Today in black history: Aretha Franklin records ‘Respect,’ Morehouse College established, and more
The Undefeated edition’s black facts for Feb. 14
1760 — Richard Allen, founder of the first independent black denomination, is born into slavery in 1760, eventually buys his freedom and moves north. He converted to Methodism but grew tired of the mistreatment of black parishioners. He founded the African Methodist Episcopal Church, the first national African-American church, in 1816.
1867 — Augusta Institute, now known as Morehouse College, is founded in Augusta, Georgia, by William J. White and former slave Richard C. Coulter. In 1879, the school was moved to Atlanta and its name was changed to Morehouse College after Henry L. Morehouse, the corresponding secretary of the American Baptist Home Mission Society.
1936 — National Negro Congress is organized. The inaugural meeting was held in Chicago and attended by 817 delegates representing more than 500 organizations.
1946 — Happy birthday, Gregory Hines (1946-2003). The theater, film and television actor won a Tony Award as best actor in a musical in 1992 for his portrayal of Jelly Roll Morton, the pioneering jazz composer. Hines had roles in films such as Waiting to Exhale, Francis Ford Coppola’s The Cotton Club and White Nights, as well as his sitcom, The Gregory Hines Show, on CBS from 1997 to 1998. He was also a recurring character on NBC’s Will & Grace and ABC’s Lost at Home.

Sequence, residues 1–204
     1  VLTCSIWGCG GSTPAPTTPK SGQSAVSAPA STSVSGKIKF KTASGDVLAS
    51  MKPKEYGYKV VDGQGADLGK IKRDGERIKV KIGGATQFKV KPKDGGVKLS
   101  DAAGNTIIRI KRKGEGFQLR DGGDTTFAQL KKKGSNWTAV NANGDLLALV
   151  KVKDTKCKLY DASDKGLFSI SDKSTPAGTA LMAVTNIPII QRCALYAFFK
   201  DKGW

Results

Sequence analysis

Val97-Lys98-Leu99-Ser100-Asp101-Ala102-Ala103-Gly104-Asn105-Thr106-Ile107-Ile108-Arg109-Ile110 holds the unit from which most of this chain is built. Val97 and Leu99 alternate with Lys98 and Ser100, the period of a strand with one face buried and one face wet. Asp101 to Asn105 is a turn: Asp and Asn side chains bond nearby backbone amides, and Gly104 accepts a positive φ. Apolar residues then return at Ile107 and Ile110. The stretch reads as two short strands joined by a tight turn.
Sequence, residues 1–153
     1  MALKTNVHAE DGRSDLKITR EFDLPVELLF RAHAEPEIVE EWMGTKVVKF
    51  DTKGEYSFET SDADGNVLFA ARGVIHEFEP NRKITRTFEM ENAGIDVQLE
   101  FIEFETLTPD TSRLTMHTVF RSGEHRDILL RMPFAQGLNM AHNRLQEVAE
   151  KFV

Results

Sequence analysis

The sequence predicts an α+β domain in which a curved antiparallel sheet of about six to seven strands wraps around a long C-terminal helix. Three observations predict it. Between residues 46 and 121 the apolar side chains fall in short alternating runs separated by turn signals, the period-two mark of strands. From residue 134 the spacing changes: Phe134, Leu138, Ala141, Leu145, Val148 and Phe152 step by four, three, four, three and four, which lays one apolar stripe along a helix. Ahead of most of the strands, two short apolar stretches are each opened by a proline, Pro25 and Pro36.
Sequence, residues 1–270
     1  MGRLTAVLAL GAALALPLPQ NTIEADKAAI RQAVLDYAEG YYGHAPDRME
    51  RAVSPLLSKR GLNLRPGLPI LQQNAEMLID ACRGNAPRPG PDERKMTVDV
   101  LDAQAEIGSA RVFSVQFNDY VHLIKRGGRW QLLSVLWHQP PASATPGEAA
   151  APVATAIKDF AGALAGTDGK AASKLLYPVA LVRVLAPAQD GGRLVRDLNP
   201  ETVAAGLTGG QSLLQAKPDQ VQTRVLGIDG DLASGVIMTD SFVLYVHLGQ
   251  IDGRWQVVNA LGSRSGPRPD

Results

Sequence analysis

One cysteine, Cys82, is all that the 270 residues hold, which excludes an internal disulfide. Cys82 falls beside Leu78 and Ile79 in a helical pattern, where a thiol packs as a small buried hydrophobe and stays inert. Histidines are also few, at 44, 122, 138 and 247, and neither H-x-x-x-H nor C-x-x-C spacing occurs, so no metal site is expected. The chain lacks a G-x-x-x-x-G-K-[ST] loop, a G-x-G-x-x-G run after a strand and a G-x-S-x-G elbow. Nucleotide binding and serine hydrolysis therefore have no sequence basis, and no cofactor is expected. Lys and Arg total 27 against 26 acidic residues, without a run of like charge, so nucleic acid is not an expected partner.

1966 — Wilt Chamberlain scores 41 points against the Detroit Pistons to break the NBA career scoring record, finishing the game with 20,884 career points.
1967 — Aretha Franklin records “Respect.” Fifty years ago today, Franklin, the “Queen of Soul,” recorded her iconic song in Atlantic Records’ New York studio. This Otis Redding cover became the influential soul singer’s first No. 1 hit, providing a soundtrack for the civil rights movement and proving to be an important piece of music for women who were seeking the same type of regard as men.